May needs Christ­mas mir­a­cle or goose is cooked


Theresa May emerged from 10 Downing Street on Thurs­day night wrapped in a red woollen coat, flicked on the lights on a huge Christ­mas tree and sung along­side a chil­dren’s choir.

The first Christ­mas carol? Oh Come all Ye’ Faith­ful.

For the British Prime Min­is­ter it was a most sym­bolic mo­ment in her most tor­rid week. As the coun­try is paral­ysed with ex­tra­or­di­nary in­de­ci­sion, May con­tin­ues her des­per­ate, per­haps de­luded, bid to per­suade about 150 Tory rebels to back her Brexit with­drawal bill next Wed­nes­day morn­ing (AEDT).

This comes af­ter a hu­mil­i­at­ing three de­feats in par­lia­ment on Tues­day and an em­bar­rass­ing con­tempt of par­lia­ment find­ing.

She con­tin­ues to in­sist hers is the only way to de­liver Brexit, and a bright, “joy­ful and tri­umphant’’ fu­ture for Bri­tain.

The ne­go­ti­a­tions and sweet­en­ers are not about just win­ning the vote, but rather con­tain­ing the spi­ralling tur­moil of the Con­ser­va­tive Party to avoid such a dra­matic loss that would bring about the end of her lead­er­ship, or even the gov­ern­ment.

On the streets of Lon­don, the only topic of con­ver­sa­tion is con­tempt for politi­cians and what a mess the coun­try has found it­self in. There is both anger at the EU for in­flict­ing un­re­al­is­tic de­mands on the coun­try, and hor­ror at the po­lit­i­cal machi­na­tions un­fold­ing at West­min­ster.

The con­fused fu­ture of Bri­tain — whether there is a deal, no deal, no Brexit, a vote of no-con­fi­dence, an elec­tion, a new prime min­is­ter — is al­most too much to han­dle. May has de­liv­ered the worst deal, a mish­mash to try to unite the coun­try, yet it sat­is­fies no one.

Re­main­ers and Brex­i­teers are united in their fierce op­po­si­tion to the deal, which would give the EU the abil­ity to hand­cuff Bri­tain to Brus­sels in­def­i­nitely, without any say.

Yet there ap­pears to be no plan B, and so far par­lia­ment has no con­sen­sus as to the al­ter­na­tives.

In the queue to at­tend Michelle Obama’s talk at Lon­don’s Royal Fes­ti­val Hall on Mon­day night, peo­ple were swap­ping tales of doom amid cliff-edge trad­ing con­di­tions if there was a no Brexit. The pes­simism is pal­pa­ble.

Euro­pean mi­gra­tion has al­ready de­clined, yet the vac­uum is filled by non-Euro­peans. House prices across the land have plum­meted. In Lon­don, the pre­dic­tion of a 30 per cent drop has al­ready hap­pened.

Anec­do­tally, busi­nesses are ex­pe­ri­enc­ing the worst Christ­mas trade in years.

Peo­ple are stock­ing emer­gency sup­plies of medicines and food, such is the very real fear of im­pend­ing chaos.

On Thurs­day, May called her clos­est cab­i­net col­leagues to Downing Street for a sur­prise pep talk and strat­egy meet­ing. One of the party’s most se­nior fig­ures, Gra­ham Brady, hinted at the pos­si­ble way for­ward — by in­tro­duc­ing an amend­ment to her bill to give re­as­sur­ance about the dreaded Ir­ish back­stop so that the party can come in be­hind her.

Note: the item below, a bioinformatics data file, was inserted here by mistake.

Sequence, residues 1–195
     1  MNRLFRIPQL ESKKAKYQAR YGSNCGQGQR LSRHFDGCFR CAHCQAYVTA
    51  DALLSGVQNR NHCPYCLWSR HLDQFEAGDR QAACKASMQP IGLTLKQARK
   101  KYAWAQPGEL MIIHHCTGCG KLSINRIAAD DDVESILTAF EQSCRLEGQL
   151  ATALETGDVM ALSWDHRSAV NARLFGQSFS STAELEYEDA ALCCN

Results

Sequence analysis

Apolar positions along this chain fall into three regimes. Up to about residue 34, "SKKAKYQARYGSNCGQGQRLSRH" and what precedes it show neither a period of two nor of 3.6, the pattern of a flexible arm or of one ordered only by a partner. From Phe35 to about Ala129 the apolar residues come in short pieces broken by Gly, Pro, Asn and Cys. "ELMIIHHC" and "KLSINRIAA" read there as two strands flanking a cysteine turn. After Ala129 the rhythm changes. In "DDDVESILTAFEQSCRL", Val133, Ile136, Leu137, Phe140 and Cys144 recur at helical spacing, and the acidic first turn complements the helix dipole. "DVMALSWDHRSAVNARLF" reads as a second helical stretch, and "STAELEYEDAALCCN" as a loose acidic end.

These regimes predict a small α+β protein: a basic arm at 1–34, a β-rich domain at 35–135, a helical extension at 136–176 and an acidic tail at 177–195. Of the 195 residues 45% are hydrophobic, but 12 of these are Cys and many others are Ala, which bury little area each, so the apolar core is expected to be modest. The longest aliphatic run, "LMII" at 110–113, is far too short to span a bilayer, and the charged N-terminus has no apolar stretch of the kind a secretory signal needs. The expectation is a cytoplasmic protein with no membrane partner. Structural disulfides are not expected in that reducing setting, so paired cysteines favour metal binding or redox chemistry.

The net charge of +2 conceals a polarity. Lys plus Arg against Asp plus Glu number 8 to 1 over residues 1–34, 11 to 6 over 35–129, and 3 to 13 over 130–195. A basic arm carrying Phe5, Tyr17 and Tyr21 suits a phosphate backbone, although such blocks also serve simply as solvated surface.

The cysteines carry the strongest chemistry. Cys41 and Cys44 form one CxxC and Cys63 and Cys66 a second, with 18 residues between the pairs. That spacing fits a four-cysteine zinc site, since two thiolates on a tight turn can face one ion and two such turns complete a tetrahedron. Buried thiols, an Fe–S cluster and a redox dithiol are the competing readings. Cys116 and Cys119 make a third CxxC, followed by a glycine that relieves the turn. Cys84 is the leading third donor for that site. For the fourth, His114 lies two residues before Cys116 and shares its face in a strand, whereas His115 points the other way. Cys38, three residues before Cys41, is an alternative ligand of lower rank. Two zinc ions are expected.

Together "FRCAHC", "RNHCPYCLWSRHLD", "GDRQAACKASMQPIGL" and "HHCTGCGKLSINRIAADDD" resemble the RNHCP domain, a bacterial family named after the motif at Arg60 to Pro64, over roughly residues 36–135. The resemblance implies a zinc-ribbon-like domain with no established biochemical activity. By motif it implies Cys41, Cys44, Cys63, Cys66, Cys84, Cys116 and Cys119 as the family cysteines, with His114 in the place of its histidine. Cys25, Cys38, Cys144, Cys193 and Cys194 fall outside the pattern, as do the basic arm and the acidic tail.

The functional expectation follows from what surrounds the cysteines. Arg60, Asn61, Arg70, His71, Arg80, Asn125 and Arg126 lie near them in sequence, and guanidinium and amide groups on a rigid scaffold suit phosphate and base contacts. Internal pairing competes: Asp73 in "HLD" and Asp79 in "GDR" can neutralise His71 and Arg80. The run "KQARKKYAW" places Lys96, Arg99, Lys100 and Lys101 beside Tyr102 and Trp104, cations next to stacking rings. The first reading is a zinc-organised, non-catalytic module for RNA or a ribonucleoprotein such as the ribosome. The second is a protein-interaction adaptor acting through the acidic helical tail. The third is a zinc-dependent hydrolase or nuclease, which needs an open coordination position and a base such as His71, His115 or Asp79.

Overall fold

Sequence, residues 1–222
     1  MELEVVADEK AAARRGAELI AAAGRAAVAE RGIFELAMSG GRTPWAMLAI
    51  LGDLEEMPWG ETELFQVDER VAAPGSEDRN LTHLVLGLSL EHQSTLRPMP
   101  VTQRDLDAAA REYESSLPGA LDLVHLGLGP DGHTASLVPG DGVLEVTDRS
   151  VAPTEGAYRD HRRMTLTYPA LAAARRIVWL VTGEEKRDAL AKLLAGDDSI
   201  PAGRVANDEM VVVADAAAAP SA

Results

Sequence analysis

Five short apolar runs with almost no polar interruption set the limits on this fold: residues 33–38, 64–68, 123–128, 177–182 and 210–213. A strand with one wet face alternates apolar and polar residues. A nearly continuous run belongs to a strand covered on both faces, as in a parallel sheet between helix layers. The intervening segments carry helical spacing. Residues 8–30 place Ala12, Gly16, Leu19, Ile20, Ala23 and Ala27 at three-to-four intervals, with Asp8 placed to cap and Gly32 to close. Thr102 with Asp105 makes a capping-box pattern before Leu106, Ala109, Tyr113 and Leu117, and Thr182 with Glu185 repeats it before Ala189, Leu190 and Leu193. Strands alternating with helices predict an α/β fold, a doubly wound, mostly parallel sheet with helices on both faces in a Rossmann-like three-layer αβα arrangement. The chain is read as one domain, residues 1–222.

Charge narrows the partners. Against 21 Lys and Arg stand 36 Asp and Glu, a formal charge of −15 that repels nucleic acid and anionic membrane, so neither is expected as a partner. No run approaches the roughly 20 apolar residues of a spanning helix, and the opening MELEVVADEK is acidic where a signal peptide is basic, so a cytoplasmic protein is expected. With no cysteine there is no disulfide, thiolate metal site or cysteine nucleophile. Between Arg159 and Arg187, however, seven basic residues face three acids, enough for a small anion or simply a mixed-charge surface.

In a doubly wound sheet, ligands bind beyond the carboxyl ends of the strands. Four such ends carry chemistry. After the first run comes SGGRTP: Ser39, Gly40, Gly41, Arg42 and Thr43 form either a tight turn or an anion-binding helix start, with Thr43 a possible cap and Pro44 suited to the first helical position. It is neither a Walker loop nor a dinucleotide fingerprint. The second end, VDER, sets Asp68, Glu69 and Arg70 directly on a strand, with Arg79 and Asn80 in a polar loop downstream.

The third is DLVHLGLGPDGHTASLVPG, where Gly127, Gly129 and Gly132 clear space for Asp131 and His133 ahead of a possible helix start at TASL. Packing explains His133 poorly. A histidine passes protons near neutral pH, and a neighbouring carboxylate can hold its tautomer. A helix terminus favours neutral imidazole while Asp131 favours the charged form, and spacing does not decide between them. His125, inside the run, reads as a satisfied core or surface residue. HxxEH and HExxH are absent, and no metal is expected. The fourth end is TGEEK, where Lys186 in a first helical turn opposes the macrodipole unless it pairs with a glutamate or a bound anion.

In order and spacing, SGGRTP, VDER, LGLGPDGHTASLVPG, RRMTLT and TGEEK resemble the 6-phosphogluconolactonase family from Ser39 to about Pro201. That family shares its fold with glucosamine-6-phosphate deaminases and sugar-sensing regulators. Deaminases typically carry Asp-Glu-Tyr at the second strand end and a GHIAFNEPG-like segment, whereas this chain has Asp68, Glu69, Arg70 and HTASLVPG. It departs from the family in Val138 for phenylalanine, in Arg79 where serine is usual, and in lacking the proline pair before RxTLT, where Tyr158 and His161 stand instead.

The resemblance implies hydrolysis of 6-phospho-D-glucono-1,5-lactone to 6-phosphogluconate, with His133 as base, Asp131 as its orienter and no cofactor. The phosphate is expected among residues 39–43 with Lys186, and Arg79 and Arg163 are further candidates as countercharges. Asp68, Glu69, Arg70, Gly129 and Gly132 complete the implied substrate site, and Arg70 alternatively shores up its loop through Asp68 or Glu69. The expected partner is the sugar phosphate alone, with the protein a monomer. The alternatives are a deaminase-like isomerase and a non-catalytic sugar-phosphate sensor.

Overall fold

But he warned that if there was no such amend­ment, “there was no point pro­ceed­ing to a vote’’.

Tory of­fi­cials were can­vass­ing op­tions to de­lay the vote to give May more time to win sup­port, but it seems a moot point.

Does she push back the tim­ing to try to win over a few more? The gulf is so great, the re­turn of a few in­di­vid­ual rebels won’t make any dif­fer­ence.

Does she plan for one of her col­leagues to ta­ble one of the six al­low­able amend­ments to her bill — which if passed, would mean her bill wouldn’t be sub­ject to such a dev­as­tat­ing con­clu­sion? Such an amend­ment would have to be con­sis­tent with ap­prov­ing the with­drawal bill as a whole. As such, it would be un­likely to at­tract much ad­di­tional sup­port.

If the amend­ment is rad­i­cally dif­fer­ent, such as the one planned by Labour MP Hi­lary Benn, it would give the gov­ern­ment 21 days to set out a plan of ac­tion.

Benn’s amend­ment re­jects the Prime Min­is­ter’s deal; re­jects the pos­si­bil­ity of a no deal; and guar­an­tees par­lia­ment a proper say in what would hap­pen next.

Tory MP Do­minic Grieve had a sim­i­lar amend­ment ac­cepted on Tues­day, un­der which par­lia­ment, which has sym­pa­thies to­wards Re­main, would be able to ta­ble amend­ments if the May deal fails.

Par­lia­ment’s flex­ing of its power has vir­tu­ally elim­i­nated the no-deal op­tion and in­creased the odds of a se­cond ref­er­en­dum or even a Nor­way-style Brexit agree­ment (ac­cess to the sin­gle mar­ket but also full move­ment of peo­ple) if ne­go­ti­a­tions with the EU were to be re­opened.

With so many pos­si­ble out­comes, the pub­lic, al­most in a state of shock, has hi­ber­nated un­til a clear way for­ward emerges. But it’s a mis­take to be­lieve that the bit­ter Brexit di­vi­sions have in any way dis­ap­peared — even dur­ing the fes­tive pe­riod.


British Prime Min­is­ter Theresa May at 10 Downing Street for the switch­ing on of the Christ­mas lights

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